To travel 30 km from India to Sri Lanka, do I really have to take a 1500 km, 20 hour detour?
I'm in Tamil Nadu, India.
Let's say I go to the area around Rameswaram, India, and that after that I want to visit the area around Mannar Island, Sri Lanka. Getting a visa for Sri Lanka is done very quickly online for my passport. (I've done it before.)
If I were to pay some fishermen or something to bring me over, it shouldn't take more than roughly two hours. But I have a feeling this might be illegal? I'm not too keen on being taken into custody by coast guard personnel. Now, is it in fact illegal, even if I have a visa for Sri Lanka? If it's legal, will I still have to find a way to report to both countries' authorities about my border crossing?
I will not break either country's law.
What other options do I have?
According to Skyscanner, the only possible airports are Chennai (MAA) and Colombo (CMB). Can anyone find a more convenient flight?
This means I have to travel 520 km by road to Chennai airport.
Going through the airports, checking in, waiting, flying, etc, should take around 4 hours at best.
Then, I've got to get from Colombo to Mannar Island, which is another 280 km.
I'm estimating that such a road/air journey would take at least 20 hours (more, if I stop to rest or sleep), and cost me several hundred USD, depending on choice of flight and what kind of ground transportation I use.
Now, is there any faster and/or cheaper option here? Remember that everything has to be perfectly legal to both countries.
+1 I think the question is find but another way to frame it would be "What are the formalities for private crafts going to Sri Lanka". There is typically a procedure for that and it's not unusual for countries to have a number of designated port of entries where ships must call when coming from abroad.
@Relaxed Well, there could be more answers, such as a commercial ferry, a more convenient flight, licensed boats, licensed small aircraft, etc.
True, maybe asking one or two separate questions, then? Or at least a title like "Crossing from India to Sri Lanka: Do I really need to make a huge detour though Chennai airport?"... Like I said, I think it's a fine question but my concern is that the headline does not really indicate what specific problem you have and could easily be overlooked by someone knowledgeable about yachting and port procedures in Sri Lanka.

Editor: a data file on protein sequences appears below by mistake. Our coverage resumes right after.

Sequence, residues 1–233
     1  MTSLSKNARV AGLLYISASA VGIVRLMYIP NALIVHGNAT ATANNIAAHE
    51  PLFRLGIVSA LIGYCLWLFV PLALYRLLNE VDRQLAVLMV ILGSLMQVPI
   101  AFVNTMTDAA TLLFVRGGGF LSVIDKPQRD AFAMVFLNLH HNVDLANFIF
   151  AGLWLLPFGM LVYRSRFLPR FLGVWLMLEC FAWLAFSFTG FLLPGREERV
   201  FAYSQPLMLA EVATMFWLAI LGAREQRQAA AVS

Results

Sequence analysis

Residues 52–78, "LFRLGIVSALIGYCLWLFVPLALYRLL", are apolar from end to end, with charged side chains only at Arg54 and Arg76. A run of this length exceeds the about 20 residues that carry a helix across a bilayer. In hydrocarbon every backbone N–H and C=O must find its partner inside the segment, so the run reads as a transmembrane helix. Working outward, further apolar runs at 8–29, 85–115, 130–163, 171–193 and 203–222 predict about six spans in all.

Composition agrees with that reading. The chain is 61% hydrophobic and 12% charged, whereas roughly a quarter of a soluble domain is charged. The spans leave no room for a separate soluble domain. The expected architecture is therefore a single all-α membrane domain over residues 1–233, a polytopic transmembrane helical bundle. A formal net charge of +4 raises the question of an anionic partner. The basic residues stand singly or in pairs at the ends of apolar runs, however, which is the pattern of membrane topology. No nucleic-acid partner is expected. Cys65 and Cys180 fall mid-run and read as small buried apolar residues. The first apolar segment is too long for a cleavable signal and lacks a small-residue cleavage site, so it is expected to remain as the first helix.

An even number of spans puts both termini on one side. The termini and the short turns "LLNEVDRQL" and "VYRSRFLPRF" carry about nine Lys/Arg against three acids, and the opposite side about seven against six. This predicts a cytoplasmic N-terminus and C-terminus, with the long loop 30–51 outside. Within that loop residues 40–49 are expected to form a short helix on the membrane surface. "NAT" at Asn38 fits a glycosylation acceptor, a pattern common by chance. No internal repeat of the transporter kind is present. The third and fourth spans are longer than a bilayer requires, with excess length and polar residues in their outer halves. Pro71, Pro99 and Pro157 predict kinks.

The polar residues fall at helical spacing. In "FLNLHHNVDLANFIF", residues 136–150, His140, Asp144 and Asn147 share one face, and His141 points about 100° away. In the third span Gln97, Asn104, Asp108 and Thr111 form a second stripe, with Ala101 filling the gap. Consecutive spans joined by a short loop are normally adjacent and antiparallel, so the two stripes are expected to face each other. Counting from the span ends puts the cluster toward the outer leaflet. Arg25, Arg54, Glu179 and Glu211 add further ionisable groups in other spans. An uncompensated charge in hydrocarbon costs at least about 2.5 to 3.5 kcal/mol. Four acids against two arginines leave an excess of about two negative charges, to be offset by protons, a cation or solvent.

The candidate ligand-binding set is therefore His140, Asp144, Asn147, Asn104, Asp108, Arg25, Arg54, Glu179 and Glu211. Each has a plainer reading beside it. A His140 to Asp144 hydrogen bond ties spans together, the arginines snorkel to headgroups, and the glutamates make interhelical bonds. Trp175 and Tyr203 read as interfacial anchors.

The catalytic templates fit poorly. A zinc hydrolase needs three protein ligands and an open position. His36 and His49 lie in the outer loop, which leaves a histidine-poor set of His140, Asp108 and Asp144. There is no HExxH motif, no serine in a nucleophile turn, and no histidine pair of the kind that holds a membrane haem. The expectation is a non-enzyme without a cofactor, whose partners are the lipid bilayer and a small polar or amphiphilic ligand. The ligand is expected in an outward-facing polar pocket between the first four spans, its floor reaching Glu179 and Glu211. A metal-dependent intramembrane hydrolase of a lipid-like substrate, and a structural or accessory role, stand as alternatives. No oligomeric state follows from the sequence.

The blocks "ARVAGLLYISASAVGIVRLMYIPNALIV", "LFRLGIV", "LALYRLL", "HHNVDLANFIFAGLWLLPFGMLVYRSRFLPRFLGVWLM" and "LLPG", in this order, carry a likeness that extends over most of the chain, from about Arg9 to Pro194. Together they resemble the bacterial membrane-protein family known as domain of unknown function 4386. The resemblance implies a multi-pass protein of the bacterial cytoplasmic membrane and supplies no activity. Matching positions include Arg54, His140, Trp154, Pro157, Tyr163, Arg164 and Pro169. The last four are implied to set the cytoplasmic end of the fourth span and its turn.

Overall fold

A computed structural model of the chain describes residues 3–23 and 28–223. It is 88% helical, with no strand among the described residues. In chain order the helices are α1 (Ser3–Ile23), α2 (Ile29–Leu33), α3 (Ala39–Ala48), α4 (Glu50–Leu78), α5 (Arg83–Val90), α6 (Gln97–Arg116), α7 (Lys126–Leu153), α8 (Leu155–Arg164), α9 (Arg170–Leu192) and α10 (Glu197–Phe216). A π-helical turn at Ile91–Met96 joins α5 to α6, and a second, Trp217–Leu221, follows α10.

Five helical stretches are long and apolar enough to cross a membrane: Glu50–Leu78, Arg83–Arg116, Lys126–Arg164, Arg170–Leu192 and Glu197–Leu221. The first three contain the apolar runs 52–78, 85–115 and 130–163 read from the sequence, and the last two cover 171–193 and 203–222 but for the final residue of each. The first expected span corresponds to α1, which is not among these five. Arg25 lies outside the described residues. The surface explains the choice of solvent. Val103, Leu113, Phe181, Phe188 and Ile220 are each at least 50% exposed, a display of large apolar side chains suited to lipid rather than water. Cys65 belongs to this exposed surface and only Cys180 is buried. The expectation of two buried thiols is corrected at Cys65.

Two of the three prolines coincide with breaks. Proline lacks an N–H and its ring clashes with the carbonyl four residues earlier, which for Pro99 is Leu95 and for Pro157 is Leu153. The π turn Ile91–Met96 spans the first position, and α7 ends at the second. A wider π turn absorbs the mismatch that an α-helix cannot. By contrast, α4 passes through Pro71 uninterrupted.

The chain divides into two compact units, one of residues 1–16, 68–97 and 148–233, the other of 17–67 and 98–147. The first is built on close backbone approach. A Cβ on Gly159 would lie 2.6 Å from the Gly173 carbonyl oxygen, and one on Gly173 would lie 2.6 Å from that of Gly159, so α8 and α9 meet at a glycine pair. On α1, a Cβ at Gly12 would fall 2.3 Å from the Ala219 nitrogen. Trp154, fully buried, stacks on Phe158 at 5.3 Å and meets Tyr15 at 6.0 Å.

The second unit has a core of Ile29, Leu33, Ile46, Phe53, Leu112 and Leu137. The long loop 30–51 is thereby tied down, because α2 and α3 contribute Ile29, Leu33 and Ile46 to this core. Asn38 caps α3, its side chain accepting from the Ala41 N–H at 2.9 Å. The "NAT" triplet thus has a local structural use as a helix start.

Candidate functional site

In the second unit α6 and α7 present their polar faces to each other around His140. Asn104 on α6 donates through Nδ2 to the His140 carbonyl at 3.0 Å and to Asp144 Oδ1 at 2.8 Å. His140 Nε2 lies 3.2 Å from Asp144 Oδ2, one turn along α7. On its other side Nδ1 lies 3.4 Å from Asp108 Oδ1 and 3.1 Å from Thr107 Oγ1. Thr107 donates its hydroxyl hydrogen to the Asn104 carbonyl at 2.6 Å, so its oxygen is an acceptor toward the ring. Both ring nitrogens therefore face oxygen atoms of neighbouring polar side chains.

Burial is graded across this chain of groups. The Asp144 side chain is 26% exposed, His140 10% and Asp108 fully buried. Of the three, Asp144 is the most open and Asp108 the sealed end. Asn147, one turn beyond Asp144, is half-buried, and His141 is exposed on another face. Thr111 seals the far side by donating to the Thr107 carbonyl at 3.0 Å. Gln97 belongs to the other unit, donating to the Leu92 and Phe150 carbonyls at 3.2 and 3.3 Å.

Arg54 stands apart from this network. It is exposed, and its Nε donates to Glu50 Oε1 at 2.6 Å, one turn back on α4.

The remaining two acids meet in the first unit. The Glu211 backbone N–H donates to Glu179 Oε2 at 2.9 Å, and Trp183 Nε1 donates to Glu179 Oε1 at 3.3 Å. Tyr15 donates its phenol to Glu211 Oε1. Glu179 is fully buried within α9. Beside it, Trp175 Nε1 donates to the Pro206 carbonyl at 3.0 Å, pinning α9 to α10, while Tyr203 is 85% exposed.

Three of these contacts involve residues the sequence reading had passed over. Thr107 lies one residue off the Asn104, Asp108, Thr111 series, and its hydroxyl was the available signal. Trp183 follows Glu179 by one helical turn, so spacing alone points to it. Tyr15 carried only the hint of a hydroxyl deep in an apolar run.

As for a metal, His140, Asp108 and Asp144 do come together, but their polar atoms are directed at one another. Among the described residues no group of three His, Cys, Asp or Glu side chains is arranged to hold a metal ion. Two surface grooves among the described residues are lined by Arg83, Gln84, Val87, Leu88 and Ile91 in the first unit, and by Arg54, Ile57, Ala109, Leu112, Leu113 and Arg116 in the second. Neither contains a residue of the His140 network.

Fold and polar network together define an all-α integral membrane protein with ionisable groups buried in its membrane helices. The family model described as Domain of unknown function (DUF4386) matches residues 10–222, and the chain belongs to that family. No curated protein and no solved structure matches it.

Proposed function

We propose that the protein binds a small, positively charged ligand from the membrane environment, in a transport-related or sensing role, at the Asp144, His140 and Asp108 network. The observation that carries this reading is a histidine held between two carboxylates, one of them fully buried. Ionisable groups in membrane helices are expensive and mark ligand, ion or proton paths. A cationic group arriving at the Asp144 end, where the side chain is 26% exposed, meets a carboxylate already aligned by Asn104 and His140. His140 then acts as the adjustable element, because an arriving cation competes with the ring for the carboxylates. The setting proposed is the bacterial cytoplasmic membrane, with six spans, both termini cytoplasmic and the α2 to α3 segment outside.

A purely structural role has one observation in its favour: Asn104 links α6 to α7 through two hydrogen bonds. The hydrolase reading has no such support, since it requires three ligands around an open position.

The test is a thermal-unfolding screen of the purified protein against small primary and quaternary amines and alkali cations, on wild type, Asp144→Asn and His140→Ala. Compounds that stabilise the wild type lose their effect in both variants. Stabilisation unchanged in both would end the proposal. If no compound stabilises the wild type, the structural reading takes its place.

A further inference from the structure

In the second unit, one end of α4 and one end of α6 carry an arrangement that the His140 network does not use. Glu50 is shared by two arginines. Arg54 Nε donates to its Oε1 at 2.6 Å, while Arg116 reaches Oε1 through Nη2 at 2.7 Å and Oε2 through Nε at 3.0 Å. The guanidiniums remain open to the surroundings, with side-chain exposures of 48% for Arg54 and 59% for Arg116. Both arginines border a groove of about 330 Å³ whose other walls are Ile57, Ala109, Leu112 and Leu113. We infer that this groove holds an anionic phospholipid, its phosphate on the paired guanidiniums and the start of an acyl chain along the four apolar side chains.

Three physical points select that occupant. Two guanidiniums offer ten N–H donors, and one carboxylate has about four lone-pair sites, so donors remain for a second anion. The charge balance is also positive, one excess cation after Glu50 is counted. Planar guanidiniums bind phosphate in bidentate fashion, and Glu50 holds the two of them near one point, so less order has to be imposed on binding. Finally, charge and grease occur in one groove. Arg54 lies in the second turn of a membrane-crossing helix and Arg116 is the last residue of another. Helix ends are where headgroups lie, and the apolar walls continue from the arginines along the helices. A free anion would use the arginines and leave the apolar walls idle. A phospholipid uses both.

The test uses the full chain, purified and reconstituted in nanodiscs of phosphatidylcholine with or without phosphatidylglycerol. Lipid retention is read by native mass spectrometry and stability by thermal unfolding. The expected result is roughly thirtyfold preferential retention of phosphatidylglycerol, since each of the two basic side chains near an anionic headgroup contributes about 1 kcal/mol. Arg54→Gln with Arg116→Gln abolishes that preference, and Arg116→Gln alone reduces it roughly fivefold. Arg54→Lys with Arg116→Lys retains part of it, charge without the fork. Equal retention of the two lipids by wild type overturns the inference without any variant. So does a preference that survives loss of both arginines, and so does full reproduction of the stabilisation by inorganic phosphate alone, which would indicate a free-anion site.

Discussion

@Relaxed Oh, I see. I edited the title, I hope this will prevent the question from being overlooked by people with the knowledge.
@Relaxed Yeah, it looks very relevant. Something similar probably needs to be done in regards to Indian authorities too.
There is supposedly a port of entry at Talaimannar Pier, but I am having trouble locating it. It might be closed.
Its kind of like getting from Panama to Colombia or colombia to panama (no roads). You would probably need to hire a private broker ahead of time to let local authorities know you are coming. Then once you arrive he or she will meet you upon arrival and have all necessary documents ready and provide you with transportation to the proper immigration authorities to get your visa completed. The broker handles everything and may be able to email you something that you could carry with you on the fishing vessel that would cover you if the coast guard intervenes. This is what I had to do when I hire
Now, is it in fact illegal, even if I have a visa for Sri Lanka? If it's legal, will I still have to find a way to report to both countries' authorities about my border crossing?
If you arrive by unconventional means, you will run into the burden of proving the legitimacy of your visit. It is upto you as a traveller to prove you have the right to be in the country and that you have arrived legally and are not violating any laws (for example, by smuggling goods).
One way to do this is to enter via a know port of entry (such as the airport) where the government provides facilities to assist with your legal entry.
If you arrive by boat/fisherman - and then leave by airport, you may be questioned as to why you don't have an entry stamp (if such a thing is required) and this may lead to many further complications - ranging from a fee to detention and deportation.
Further if you are intercepted by the coast guard, you'll have to come up with more than a smile to explain what you are doing ferrying across instead of taking the normal route.
If you happen to cross into the territorial waters and are then intercepted, you are effectively an illegal immigrant. The coast guard doesn't have the authority to validate your visa; so you'll be taken into custody and then ... well, I would just rather not risk it.
Bottom line - take the plane.
Yeah, I pretty much agree with this answer. I just find it astounding if there's really no other legal way to cross this narrow strait. It may have something to do with the tense political climate between the state government of Tamil Nadu and the government of Sri Lanka.
@Fiksdal: did you see the link in the second comment on the question, about formalities for arriving in Sri Lanka by yacht? It seems from that that there *is* a legal procedure for crossing by boat, it just may involve quite a bit of individual work to arrange.
@PLL Yeah, this is very relevant, could be answer worthy. Something similar probably should be done in relation to Indian authorities.